Um: Slips, Stumbles and Verbal Blunders, and What They Mean: Michael Erard: Shefaly pointed me at this book via a comment made some time ago on this blog. (I tend to follow up each and every comment, but it takes time. Stephen Smoliar’s comments alone keep me pretty busy!) I’d kept a wary eye on the book ever since I’d read the Kirkus Review on it (which was that rare thing, a starred review) and Shefaly’s comment tipped me over. Here’s what Richard Lederer says on the back cover:

Some people are bird-watchers and learn a great deal about the birds they watch. Michael Erard watches word-botchers and, in the process, enriches our experience of what language is about and what makes us human. After reading Um …. you’ll never hear the thud and blunder of everyday speech in the same way.”

I also like part of the Sigmund Freud quote in the frontispiece: “….So do not let us underestimate small indications; by their help we may succeed in getting on the track of something bigger.”

Vinnie’s Head: Marc Lecard: This is not a book for everyone. You have to be comfortable in that weird space where Tim Dorsey meets Christopher Moore meets Jeff Lindsay, slightly adrift of, and much darker than, Carl Hiaasen, Elmore Leonard, Dave Barry and Donald E Westlake. I’m delighted to have found Johhnie LoDuco, I look forward to more from Lecard. Riotous.

How Much Should A Person Consume: Ramachandra Guha: I’ve read quite a lot of what Guha has written, and enjoy his stuff. I used to play bridge in Calcutta with a Ram Guha who fits his description (same age, similar education). I’ve tended to wonder if it’s the same guy. [Ram, if you used to come to my house in Moira St to play bridge with Mondip and Kini and me, then you’re the same guy. Maybe Devangshu will remember.] Excellent stuff, makes you think.

Brainiac: Adventures in the Curious, Competitive, Compulsive World of Trivia Buffs: Ken Jennings: Never heard of the book, never heard of the author. I’ve read many books about trivia and about trivia freaks, I’ve done my own hard time as a trivia freak, and nobody captures the madness of a quiz addict as well as Ken does. Great stuff. A must-read for anyone who spends serious time in quiz leagues and teams.

A coda. It’s amazing just how many of the people I’ve referred to now have a blog. Things are sure changing.

Musing about Digital McCarthyism and Digital Nonviolence

While researching aspects of the lives of Mahatma Gandhi and Martin Luther King Jr, I was reminded of the works of Richard B Gregg. While I had come across Gregg while reading Economics, I hadn’t appreciated quite how influential he’d been on King, or for that matter just how dedicated he’d been in seeking to understand Gandhi. If you don’t know about Gregg, do take a look at his Wikipedia entry.

I’m currently reading a 1938 Gregg pamphlet titled What is The Matter With Money? It’s a reprint from the Modern Review for May and June 1938. In it, Gregg spends a lot of time looking at trust, and some of the things he says jell with me.
I quote from Gregg:

…A money economy makes security depend on individual selfish acquisitiveness instead of on trust. Trust grows when men serve first and foremost the community and the common purpose. There has sometimes been an element of service and community purpose in the making of private fortunes, but it has not often been predominant. Money splits up community security and plays upon men’s fears, — fears of the future and of each other’s motives, fears that compel them to compete with one another to a harmful degree.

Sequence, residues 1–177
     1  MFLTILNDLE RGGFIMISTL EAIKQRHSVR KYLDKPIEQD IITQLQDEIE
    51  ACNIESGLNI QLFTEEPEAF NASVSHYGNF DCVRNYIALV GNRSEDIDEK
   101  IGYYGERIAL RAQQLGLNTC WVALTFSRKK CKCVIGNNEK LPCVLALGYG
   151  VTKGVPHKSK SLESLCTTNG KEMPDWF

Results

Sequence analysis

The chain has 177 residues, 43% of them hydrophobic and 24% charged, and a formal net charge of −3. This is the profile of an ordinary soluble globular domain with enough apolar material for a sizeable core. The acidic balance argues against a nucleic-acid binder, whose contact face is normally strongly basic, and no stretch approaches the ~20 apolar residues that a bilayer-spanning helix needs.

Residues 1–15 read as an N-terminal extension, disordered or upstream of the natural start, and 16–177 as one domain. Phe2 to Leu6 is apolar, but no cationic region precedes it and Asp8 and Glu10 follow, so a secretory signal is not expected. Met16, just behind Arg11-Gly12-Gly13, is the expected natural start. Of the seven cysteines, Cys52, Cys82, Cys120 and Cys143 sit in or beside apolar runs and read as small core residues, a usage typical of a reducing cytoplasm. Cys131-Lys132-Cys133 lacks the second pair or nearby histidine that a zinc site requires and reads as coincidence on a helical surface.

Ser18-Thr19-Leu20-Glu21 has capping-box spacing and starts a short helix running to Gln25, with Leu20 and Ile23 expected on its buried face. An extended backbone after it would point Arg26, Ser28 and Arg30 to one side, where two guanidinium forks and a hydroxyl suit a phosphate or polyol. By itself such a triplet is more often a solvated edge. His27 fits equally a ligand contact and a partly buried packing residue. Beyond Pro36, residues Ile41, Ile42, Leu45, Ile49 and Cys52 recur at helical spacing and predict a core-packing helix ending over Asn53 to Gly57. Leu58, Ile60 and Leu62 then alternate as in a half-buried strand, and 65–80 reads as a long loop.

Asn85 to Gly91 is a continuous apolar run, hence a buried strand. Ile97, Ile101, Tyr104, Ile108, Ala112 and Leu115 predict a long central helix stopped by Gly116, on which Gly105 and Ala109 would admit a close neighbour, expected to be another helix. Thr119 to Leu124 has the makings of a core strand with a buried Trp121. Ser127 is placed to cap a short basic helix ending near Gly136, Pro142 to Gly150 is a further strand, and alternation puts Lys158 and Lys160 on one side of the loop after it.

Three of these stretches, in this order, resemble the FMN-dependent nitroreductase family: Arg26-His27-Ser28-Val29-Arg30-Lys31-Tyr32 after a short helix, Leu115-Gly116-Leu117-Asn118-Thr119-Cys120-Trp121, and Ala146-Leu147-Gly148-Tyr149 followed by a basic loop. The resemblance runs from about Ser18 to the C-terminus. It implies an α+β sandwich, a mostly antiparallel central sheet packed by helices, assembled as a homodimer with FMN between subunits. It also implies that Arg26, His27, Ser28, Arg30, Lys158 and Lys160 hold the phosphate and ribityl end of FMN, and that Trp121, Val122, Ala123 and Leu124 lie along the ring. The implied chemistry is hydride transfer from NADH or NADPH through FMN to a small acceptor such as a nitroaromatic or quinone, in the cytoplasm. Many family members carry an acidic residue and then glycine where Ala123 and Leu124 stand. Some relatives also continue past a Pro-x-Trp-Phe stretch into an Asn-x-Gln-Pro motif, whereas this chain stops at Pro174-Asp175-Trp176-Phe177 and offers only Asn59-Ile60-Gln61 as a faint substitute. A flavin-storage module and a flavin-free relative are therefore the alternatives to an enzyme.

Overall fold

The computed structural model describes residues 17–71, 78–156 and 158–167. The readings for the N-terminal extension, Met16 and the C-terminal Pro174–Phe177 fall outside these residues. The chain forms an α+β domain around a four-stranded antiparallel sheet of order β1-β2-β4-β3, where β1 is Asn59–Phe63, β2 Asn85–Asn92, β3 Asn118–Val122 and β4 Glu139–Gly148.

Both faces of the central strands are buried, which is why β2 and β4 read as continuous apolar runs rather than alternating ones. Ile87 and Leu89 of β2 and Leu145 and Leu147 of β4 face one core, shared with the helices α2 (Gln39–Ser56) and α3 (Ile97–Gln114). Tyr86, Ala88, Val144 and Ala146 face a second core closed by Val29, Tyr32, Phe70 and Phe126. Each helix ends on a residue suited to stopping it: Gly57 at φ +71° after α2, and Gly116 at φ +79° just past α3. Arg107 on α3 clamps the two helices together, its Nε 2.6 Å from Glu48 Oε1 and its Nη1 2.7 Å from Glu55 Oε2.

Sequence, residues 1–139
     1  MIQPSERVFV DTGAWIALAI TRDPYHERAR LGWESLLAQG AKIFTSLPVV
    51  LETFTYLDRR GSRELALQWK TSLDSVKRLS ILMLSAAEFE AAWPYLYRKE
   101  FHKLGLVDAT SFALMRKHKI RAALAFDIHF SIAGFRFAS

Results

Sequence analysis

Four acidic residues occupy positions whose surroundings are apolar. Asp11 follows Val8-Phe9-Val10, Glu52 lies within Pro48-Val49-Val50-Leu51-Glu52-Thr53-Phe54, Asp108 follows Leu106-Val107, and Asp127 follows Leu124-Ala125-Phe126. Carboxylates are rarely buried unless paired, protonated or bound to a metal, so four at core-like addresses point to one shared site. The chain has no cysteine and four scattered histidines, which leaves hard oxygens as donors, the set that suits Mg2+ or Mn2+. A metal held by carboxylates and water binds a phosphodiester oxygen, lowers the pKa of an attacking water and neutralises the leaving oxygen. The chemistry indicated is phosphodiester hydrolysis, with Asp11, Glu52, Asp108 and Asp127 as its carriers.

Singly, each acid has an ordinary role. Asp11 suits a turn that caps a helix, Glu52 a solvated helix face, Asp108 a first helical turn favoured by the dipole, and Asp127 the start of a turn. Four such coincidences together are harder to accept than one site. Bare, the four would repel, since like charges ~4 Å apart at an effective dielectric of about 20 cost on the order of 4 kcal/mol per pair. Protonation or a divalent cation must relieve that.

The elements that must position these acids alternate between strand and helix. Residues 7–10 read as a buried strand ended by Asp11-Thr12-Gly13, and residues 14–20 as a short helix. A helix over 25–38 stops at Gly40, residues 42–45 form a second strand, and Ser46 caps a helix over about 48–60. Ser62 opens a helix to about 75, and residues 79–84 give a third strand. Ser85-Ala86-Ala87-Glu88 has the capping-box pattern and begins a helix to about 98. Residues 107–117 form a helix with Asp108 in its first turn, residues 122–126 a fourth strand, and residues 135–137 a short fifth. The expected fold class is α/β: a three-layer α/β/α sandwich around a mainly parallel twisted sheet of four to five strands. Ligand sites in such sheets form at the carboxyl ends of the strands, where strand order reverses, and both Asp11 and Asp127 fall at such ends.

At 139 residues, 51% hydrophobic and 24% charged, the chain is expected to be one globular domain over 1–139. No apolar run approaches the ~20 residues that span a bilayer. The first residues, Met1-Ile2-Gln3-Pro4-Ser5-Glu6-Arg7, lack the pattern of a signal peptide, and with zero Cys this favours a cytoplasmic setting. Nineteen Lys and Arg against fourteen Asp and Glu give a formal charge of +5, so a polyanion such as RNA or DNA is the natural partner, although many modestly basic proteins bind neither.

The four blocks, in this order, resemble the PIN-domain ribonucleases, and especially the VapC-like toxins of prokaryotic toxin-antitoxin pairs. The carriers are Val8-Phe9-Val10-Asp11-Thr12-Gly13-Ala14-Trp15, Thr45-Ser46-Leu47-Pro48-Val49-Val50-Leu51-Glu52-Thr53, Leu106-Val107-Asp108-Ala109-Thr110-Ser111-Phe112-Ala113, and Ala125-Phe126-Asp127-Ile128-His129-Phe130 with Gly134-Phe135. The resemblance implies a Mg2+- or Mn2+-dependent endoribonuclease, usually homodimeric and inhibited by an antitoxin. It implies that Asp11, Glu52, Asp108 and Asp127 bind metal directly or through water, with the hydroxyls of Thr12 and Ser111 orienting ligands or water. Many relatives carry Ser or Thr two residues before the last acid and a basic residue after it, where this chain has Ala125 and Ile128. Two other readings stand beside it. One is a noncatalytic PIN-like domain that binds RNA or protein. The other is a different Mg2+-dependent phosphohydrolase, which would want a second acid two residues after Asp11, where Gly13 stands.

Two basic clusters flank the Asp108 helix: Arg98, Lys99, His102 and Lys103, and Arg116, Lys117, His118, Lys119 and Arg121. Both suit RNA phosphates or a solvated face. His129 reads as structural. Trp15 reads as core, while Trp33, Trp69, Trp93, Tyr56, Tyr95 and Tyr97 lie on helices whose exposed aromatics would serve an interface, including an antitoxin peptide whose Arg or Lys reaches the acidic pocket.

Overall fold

Gregg concludes the paragraph with an interesting assertion:

Money has worked on us so long that it is now hampering the further development of science, art and technology.

At reboot last year I spoke about the things that had to die before we can regain some of the things we’ve lost, in keeping with the conference theme of renaissance and rebirth. [Hey Thomas, what’s happening with reboot this year?]
Gregg’s words have served to remind me that concepts like identity and trust are fundamental parts of community and not individuality; culture too is a community concept, be it about arts or sciences or even forms of expression; community itself is a construct of relationships at multiple levels. Maybe the reason why much of what is now termed IPR (and its cater-cousin DRM) is abhorrent to me is that these things focus on the individual and not the community.

I am all for making sure that creativity is rewarded, in fact I believe that any form of real value generation should be rewarded; but not at the price of stifling the growth of culture and of community. This, I believe, is at the heart of what Larry Lessig speaks of, what Rishab Aiyer Ghosh speaks of, what Jerry Garcia believed in, what opensource communities believe in, what democratised innovation is about.

Culture and community before cash.

I recently bought a book by Gregg called The Power Of Nonviolence. When describing the book, the bookseller noted that it [the particular copy I was buying] was signed by Gregg; unusually, the recipient’s name had been erased and carefully at that; the bookseller surmised that it may have had to do with fears about McCarthyism.

You know something? At the rate we’re going, the battles about IPR and DRM are going to get uglier, to a point where we’re going to see something none of us wants. Digital McCarthyism. What we’re seeing in the software and music and film spaces already begins to feel like that.

We need to find a better way to work it out. And it makes me wonder. What’s the digital equivalent of Gandhian Nonviolence?

Deja Vu: Ten books I’ve re-read this past year

And I feel
like I’ve been here before
like I’ve been here before
And you know it makes me wonder
What’s going on

David Crosby, Deja Vu: Crosby Stills Nash and Young, Dallas Taylor and Greg Reeves

[BTW I have not seen a “neutrality disputed” tag on a topic like this before in Wikipedia. Looks like I will have to do something about it]. Enough meandering. Here is the list:

If any of you do decide to meet Serge A Storms, Tim Dorsey’s creation, I would recommend doing so when seated comfortably and far from anything that could injure you. Serge is truly insane. And a delight. Thank you Tim.